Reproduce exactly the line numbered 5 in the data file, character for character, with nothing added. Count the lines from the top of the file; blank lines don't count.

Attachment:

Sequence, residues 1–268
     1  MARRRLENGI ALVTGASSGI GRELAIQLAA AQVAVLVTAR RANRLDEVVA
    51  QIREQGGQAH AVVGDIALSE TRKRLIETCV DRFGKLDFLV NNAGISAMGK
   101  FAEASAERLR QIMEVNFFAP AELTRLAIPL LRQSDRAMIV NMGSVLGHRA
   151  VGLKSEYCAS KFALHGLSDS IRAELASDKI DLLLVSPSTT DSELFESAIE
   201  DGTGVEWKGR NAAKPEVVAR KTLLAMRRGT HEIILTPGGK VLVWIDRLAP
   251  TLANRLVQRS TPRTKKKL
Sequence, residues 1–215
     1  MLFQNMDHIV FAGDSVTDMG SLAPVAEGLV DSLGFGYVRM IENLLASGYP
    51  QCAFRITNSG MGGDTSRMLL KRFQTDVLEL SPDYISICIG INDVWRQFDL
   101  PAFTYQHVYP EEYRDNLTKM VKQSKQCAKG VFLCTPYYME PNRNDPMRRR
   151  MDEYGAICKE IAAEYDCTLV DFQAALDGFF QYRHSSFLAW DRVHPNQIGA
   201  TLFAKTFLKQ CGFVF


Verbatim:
   151  VGLKSEYCAS KFALHGLSDS IRAELASDKI DLLLVSPSTT DSELFESAIE